How to Improve Cardio Endurance
The same old workout only delivers the same old results. Increasing the duration of your run, swim, bike ride or other cardio activity requires improving your VO2 max, or maximal oxygen consumption.
As you increase your VO2 max, the heart gets stronger and delivers more oxygen to the muscles, which allows for a greater energy output. Intensifying your cardiovascular training can help to improve your VO2 max and cardio endurance.
One Step at a Time
Increase the duration and intensity of your workouts in a gradual manner to help prevent fatigue and overtraining, both of which can interfere with your endurance goals. For example, runners can aim to safely increase speed by 2 to 3 seconds per mile each week. Alternatively, extend your cardio session by five or 10 minutes weekly.
Taking a comprehensive approach by incorporating different types of workouts throughout the week can be beneficial. For example, designate one session for speed, another for distance and save a moderate-intensity or cross-training workout for the third day. Avoid training for distance and speed on the same day.
Take slow, deep breaths to maximize your oxygen consumption. Breathing deep into the lungs, rather than taking shallow breaths, allows oxygen to be carried more efficiently through the blood to your muscles, where it is used as energy. Practice breathing by inhaling slowly through your nose until you see your abdomen rise.
Exhale through the mouth slowly until all of the air is out of your lungs and your abdomen returns to normal. Regular cardiovascular exercise can also help to increase your tidal volume, which is the amount of air that you breathe in and out with each breath. A greater tidal volume means that more oxygen is getting into the body, blood and muscles, which in turn leads to increased cardio endurance.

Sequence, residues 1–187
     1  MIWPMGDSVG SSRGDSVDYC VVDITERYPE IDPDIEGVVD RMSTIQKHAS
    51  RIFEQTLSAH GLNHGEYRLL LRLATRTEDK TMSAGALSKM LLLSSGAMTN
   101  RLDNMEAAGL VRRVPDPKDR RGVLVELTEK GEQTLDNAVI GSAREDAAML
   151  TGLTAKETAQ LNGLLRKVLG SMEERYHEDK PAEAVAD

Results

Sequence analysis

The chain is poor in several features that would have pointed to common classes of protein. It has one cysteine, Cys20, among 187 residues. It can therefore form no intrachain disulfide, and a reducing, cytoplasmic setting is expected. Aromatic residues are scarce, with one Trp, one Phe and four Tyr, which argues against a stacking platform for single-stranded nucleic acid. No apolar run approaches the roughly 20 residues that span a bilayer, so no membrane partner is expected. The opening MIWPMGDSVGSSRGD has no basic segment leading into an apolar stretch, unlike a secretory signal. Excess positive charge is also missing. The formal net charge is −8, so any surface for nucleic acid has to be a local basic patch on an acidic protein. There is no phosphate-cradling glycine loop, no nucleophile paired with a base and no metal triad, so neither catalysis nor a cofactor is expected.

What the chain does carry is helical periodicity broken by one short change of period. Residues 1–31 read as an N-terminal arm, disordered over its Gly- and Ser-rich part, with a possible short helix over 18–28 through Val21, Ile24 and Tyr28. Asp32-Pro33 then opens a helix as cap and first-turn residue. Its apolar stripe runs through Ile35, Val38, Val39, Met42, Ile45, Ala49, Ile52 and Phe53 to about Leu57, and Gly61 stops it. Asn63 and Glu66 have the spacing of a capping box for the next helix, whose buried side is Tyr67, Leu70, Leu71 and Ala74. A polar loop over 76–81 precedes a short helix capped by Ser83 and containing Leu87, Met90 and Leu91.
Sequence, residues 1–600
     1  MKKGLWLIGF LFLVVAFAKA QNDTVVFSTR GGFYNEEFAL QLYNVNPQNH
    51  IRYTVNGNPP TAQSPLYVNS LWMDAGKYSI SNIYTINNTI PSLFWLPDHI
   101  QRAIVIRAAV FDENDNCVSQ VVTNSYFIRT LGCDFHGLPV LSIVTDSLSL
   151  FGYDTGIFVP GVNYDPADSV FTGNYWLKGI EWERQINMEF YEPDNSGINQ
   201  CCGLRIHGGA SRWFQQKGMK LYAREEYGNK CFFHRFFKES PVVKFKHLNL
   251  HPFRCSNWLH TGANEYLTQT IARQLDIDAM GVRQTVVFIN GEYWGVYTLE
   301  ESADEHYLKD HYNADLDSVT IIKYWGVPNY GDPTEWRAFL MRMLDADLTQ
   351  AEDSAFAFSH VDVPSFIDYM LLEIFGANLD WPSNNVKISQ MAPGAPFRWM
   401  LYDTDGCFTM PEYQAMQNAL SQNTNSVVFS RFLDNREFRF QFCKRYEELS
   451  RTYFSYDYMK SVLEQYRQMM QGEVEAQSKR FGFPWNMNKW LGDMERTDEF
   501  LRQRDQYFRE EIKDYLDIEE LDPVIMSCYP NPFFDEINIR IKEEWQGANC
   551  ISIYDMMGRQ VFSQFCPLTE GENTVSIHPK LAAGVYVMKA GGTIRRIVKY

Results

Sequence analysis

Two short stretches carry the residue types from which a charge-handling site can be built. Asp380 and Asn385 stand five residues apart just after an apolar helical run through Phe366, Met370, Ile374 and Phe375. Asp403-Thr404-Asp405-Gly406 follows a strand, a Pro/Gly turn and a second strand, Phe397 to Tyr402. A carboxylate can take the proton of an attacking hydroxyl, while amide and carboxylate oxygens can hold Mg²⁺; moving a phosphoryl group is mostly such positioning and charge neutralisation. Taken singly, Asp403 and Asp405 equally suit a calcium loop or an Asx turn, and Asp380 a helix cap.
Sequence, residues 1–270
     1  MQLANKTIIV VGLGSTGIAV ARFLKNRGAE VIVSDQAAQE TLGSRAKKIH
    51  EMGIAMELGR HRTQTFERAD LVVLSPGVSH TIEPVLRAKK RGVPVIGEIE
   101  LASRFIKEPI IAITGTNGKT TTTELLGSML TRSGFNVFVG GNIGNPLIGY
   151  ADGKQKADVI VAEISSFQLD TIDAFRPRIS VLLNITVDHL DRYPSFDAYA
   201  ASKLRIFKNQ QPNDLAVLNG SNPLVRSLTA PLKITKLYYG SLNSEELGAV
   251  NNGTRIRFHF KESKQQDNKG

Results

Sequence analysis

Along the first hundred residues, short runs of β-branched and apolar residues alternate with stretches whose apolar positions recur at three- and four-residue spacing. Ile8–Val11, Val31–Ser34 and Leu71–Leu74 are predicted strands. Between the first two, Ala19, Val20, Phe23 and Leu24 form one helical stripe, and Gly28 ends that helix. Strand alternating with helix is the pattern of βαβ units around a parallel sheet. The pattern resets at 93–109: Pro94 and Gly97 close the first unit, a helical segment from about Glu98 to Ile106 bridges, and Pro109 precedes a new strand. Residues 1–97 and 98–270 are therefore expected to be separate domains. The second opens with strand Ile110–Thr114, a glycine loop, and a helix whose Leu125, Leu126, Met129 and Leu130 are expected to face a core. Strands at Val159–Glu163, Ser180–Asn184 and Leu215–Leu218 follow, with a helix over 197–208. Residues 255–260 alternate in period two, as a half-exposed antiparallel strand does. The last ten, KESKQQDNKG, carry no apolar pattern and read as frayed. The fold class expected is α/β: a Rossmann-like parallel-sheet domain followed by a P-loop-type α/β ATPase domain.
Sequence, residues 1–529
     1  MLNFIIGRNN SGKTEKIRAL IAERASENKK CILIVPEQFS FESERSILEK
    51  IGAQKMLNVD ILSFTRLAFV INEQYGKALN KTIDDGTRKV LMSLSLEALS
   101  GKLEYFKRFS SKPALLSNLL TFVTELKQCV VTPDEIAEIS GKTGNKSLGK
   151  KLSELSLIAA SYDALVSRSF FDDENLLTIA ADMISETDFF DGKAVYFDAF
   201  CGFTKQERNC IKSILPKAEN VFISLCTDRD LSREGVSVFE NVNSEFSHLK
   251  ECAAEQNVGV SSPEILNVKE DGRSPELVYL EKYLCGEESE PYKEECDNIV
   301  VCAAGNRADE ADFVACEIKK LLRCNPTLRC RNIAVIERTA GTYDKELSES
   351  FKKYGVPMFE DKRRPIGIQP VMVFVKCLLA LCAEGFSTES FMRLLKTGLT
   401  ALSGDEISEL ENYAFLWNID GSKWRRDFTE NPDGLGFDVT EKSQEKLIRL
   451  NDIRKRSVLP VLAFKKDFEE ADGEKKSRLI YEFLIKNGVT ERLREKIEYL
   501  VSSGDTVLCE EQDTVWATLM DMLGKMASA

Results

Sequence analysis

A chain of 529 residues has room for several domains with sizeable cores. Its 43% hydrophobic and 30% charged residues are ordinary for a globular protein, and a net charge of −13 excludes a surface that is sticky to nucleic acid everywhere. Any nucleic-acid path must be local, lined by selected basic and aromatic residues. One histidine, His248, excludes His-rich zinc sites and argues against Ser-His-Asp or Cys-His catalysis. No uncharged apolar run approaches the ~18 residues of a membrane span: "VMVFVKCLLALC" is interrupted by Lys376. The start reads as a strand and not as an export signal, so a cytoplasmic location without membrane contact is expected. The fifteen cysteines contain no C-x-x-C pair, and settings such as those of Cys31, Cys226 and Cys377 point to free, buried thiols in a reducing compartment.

Train With Intervals
Incorporate interval training into your workout program at least once a week to strengthen both your muscles and cardiovascular ability. Training with intervals can be done with any type of cardio, including running, biking or swimming. Intervals require that you quicken your pace to an intense level and sustain the elevated rate for a specific period of time or distance.
Follow the intense interval with a slowed or moderate pace to help you to recover. For example, perform at your maximum speed for one minute and then slow to a moderate pace for two to three minutes. Repeat the interval for a total of eight to 10 repetitions.
Rest and Recover
Leave adequate time each week for rest and recovery, which can help to improve your athletic endurance and performance. Schedule one to two days per week for complete rest, where no physically demanding activities are performed.
Failing to properly rest can lead to overtraining syndrome, which will likely interfere with your goal of greater cardio endurance. Injuries are also more likely to occur when you are fatigued; recovering properly can help you to regularly progress and remain injury-free.
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